And finally, there's good reason to believe that Prime Minister Sharon is guilty of war crimes. This is the man who oversaw the massacre of 2,000 civilians in the Sabra and Shatila refugee camps in 1982.

It looks as if he's up to his old tricks again.

 

3. Rex Murphy's Abuse of NDP MP Svend Robinson: Letter (unpublished) to The Globe and Mail, 20 April 2002

So what is it exactly that Rex Murphy finds so contemptible and absurd about Svend Robinson? The state of Israel is enforcing its continuing illegal occupation of territories conquered in the war of 1967 by deploying overwhelming military force against Palestinian cities, towns, and refugee camps. Not merely are Israeli forces rocketing and bombarding civilian populations; they have also attacked hospital facilities, ambulances, and medical personnel. Civilians injured by Israeli military action have been actively prevented from receiving medical assistance, and left to die in the streets. There is mounting evidence that hundreds of civilians have been killed, and that Palestinian fighters and civilians captured by Israeli forces have been tortured and summarily executed.

These policies are being directed by an Israeli Prime Minister who provoked the present intifada eighteen months ago by invading the precincts of the Dome of the Rock with a large “protective” force of police and soldiers; who sabotaged and cancelled the already faltering peace negotiations as soon as he came to power; and who has, in addition, a well-documented record as a war criminal that now stretches back almost a half-century. (Ariel Sharon's responsibility for the massacres of civilians in the refugee camps of Sabra and Shatila in September 1982 is well known—but he first made a name for himself in August and October 1953, when the paratroop Unit 101 which he commanded massacred over 100 civilians in night-time “reprisal” attacks on the El-Bureig refugee camp and on the Jordanian village of Qibya.)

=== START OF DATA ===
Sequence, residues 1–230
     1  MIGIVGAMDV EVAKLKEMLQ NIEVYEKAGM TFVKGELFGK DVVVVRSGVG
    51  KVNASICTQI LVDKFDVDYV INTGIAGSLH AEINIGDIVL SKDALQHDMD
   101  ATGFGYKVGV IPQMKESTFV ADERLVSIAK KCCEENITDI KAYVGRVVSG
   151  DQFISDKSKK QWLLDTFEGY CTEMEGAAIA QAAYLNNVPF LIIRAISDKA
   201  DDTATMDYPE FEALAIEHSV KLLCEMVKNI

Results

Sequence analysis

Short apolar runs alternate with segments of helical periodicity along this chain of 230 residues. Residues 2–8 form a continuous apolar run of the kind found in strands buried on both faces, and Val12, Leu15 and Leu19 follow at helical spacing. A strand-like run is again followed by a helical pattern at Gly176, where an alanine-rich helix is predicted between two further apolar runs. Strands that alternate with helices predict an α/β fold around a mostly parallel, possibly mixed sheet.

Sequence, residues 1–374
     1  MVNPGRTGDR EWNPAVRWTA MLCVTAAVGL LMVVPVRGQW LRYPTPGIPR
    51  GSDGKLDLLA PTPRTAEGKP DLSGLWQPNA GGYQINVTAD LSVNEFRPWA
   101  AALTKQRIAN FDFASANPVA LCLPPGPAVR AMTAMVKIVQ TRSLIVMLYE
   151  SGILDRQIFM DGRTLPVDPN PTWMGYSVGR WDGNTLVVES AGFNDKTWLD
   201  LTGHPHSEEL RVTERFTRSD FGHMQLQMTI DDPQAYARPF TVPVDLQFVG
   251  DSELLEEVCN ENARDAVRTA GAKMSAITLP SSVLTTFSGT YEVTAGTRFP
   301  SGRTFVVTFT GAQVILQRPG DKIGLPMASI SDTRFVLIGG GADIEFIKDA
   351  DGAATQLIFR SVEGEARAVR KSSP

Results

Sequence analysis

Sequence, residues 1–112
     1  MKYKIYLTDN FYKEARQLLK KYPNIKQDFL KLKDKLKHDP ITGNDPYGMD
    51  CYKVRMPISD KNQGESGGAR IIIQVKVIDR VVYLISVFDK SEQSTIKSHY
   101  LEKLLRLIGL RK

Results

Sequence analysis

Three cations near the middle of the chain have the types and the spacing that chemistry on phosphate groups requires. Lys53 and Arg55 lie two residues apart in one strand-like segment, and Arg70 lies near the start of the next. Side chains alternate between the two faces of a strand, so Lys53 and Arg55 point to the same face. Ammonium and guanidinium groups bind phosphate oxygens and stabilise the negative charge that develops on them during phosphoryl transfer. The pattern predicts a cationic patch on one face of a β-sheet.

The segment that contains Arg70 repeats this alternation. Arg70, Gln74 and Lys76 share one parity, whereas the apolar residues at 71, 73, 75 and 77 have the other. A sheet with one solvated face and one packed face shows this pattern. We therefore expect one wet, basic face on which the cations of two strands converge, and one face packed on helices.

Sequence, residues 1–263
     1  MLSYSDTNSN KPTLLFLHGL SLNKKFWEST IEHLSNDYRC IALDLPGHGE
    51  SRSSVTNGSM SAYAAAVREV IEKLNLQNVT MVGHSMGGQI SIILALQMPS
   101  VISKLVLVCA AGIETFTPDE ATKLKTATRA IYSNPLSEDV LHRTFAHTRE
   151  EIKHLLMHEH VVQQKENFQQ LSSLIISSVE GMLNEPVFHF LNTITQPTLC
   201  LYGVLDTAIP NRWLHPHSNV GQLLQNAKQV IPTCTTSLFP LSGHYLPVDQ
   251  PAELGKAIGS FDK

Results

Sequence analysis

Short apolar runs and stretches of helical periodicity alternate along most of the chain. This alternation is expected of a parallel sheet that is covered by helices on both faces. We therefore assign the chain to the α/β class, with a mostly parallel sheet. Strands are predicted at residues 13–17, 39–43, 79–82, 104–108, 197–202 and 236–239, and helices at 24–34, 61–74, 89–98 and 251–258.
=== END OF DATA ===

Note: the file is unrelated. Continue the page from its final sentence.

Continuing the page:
In the face of George Bush's declaration that Prime Minister Sharon is “a man of peace,” Svend Robinson is one of the very few politicians in this supine country who has had the guts to speak out against Israeli state terrorism, and to make the more significant gesture of travelling to the places where war crimes are still being committed to speak out against them there.

Robinson must have guessed that many in his own party would be too confused or too cowardly to follow his lead; he must have anticipated that Canadian supporters of Israel would attempt to smear him as an antisemite; and I'm sure he knew that his principled acts would be subjected to ridicule by every oily orthodox pundit in the country.